> rescuer. And until someone else steps up to
    > carry the torch, RMS is our rescuer. RMS is the
    > King.

    It's this sort of ideological cult-of-personality stuff just puts people off the FSF.
  • by ttfkam (37064) on Monday April 12, 2004 @02:31PM (#8840399) Homepage Journal
    COROLLARY: Small-medium sites should use LAMP and rely on redundant hardware to handle failover.
    How is this a corolary? If you had said, "strong typing in the language and a full security model are detrimental to small/medium projects," it would have been a corolary. As it stands, it's a non-sequitor. In addition, assuming that Java is a poor choice does not automatically make LAMP a good choice let alone better.
    COROLLARY: Cross-platforms GUIs should use Python, Qt, wxWindows, Tcl/Tk, etc.
    Personally I hate applets. As for limited cross-platform usage of Flash, I beg to differ. It handles MS Windows, Mac, Linux... The toolkits you mentioned are (a) not all installed in most systems and (b) not web-based which is what you were comparing applets to.
    COROLLARY: Prefer Perl or PHP if the database is supported.
    Okay, you really lost me on this one. You just said that JDBC did a great job of database abstraction. And your conclusion: don't use it?
    COROLLARY: NEVER use Java to create or manipulate graphics from the command line. No JDK, EVER, has managed to do this despite five years of pleading from the professional programmers. Without a GUI Java goes belly-up on the first "new java.awt.Frame()". (And for you 1.4+ folks who think HeadlessException was a fine solution, it wasn't.)
    Like Batik for server-side SVG to raster (PNG/JPEG) conversion? Yeah. Totally useless. What was I thinking?
    And, as apparently thousands of Slashdotters are unaware, every other JDK except Kaffe+GNU is an independently licensed derivative of Sun's JDK.
    Ummm... GCJ?

    Please also note that if Sun halted all development on Java, it would (a) alienate every customer they've had for the last eight to ten years and (b) create a genuine interest in funding an alternative (think: IBM funding and assisting gcj/kaffe/gnu classpath).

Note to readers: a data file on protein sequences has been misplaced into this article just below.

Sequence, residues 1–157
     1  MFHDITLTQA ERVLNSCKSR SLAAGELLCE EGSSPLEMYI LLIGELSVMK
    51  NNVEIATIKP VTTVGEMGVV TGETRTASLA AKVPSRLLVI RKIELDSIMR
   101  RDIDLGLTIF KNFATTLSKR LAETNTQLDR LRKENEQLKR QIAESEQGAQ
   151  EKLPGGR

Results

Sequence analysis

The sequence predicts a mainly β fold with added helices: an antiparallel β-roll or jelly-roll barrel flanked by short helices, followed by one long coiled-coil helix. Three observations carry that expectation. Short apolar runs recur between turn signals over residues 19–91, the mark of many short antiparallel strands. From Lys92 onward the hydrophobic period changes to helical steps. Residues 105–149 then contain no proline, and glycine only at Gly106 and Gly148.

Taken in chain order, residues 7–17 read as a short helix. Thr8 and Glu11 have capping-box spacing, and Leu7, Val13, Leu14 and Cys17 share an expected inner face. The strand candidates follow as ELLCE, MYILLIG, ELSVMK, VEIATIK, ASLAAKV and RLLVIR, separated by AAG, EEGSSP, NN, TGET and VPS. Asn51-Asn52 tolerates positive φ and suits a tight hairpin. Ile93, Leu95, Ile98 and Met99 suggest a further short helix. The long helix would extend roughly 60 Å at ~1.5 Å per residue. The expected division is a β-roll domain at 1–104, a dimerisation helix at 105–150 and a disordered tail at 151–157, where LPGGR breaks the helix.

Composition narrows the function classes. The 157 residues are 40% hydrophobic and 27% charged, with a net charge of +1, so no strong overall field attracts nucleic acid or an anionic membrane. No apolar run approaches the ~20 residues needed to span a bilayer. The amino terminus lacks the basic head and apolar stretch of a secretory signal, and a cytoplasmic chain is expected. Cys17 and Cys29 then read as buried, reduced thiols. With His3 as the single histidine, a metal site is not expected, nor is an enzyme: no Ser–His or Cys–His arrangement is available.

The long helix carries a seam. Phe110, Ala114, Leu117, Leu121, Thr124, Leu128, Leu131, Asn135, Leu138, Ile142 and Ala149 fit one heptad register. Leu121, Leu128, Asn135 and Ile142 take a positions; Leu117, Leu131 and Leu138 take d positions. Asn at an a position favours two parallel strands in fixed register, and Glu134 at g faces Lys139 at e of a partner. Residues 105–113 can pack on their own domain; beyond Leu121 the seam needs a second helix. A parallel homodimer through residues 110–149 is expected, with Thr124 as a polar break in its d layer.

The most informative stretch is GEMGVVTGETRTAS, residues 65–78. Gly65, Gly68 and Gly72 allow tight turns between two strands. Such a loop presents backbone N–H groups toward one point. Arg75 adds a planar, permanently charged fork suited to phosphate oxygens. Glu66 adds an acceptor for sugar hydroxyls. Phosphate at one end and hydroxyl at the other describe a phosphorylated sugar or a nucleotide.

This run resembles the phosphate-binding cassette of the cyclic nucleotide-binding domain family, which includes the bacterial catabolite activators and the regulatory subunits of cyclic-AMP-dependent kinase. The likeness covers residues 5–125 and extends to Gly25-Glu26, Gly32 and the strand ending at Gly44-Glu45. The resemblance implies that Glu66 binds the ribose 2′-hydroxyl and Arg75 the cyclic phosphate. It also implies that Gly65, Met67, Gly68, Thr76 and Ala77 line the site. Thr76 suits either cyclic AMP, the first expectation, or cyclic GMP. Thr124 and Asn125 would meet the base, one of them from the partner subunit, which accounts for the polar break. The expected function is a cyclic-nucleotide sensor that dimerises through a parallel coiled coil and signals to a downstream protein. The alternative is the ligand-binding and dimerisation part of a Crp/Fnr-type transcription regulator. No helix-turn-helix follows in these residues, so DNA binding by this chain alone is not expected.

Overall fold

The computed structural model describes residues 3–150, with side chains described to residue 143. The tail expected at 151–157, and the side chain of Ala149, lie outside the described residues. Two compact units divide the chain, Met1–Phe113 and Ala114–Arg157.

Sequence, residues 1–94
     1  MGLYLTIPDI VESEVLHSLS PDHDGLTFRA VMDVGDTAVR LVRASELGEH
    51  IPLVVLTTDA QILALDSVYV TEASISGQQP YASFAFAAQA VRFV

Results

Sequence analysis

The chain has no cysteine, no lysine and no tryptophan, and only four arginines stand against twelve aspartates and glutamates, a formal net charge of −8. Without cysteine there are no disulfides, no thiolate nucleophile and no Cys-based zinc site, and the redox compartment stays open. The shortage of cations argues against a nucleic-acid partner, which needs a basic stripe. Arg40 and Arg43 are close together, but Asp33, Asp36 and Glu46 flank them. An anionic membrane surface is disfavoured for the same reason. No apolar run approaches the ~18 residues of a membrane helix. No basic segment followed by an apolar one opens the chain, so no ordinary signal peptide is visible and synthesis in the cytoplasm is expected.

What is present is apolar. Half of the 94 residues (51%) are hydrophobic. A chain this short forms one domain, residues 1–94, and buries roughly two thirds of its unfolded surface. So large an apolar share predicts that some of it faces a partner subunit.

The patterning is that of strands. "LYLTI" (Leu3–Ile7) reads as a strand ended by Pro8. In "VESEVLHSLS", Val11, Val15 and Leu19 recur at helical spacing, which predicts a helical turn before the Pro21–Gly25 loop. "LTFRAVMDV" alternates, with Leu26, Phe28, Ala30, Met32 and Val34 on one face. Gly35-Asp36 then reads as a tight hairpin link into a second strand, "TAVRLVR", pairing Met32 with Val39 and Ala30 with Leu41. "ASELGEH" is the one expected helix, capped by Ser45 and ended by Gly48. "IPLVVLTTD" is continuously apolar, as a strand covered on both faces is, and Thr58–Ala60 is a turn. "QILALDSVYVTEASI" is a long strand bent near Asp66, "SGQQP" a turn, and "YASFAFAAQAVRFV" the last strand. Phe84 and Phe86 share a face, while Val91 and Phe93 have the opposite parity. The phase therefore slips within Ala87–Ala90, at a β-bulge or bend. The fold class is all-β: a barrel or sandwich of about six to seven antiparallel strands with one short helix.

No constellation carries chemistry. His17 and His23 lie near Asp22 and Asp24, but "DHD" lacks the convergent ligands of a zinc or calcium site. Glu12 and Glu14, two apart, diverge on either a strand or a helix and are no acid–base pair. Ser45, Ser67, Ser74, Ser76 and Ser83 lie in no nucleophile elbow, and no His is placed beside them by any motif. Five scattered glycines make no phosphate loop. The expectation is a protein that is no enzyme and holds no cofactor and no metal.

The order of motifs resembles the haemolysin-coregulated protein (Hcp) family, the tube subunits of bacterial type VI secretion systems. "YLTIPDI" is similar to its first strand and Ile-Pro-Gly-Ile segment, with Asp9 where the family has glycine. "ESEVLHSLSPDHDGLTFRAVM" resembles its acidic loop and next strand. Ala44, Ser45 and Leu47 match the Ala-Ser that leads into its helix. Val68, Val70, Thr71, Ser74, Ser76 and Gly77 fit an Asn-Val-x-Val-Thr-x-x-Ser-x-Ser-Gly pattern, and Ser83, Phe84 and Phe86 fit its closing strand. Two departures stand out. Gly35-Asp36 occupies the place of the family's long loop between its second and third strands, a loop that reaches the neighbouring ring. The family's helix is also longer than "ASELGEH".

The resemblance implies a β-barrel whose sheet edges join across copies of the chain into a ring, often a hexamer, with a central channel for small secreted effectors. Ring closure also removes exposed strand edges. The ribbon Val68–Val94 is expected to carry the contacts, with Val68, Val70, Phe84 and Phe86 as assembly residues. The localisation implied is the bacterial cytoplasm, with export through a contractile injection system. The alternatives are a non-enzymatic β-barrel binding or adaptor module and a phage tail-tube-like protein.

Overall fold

Won't happen? What about EJB? Certified licensees only. Wups! Who are those JBoss folks? LGPLed EJB-compatible project? Well we won't certify it. Hey! People are using it in droves anyway! Ummm... Okay... Maybe we'll look into certifying it. (This of course mattered very little as people were apparently using it with or without Sun's endorsement.)

  • by Anonymous Coward on Monday April 12, 2004 @02:43PM (#8840523)
    This all reminds me a bit of the mid-1990's when people were first dabbling in using NT for technical applications (you know, where calculations had to be accurate beyond two places to the right of the decimal...) There was some ballyhoo about Intergraph's Advanced Processor Division (later generations of the Fairchild Clipper) becoming part of Sun. Supposedly, several significant design features of what was originally to have been the C500 were to be folded into the UltraSPARC--most notably a "byte-sex" switch. By being able to run in "little-endian" mode, the next generation of Sun machines woud be able to join the MIPS/SGI, IBM PowerPC and Alpha as alternate platforms for NT.

    It took about a year before Howard Sachs and his people were either laid off or assimilated into other Sun projects (the buzz was that it was mostly the former), Sun and Microsoft had re-affirmed their mutual hatred, and any whiff of a prospect of Windows running on a Sun-designed processor was eradicated. Intergraph in the meantime jumped into bed with Redmond (and almist perished) as one of the earliest adoptors of WinTel for technical applications, but at the same time sat on its remaining design patents and nailed Intel for infringement some years later.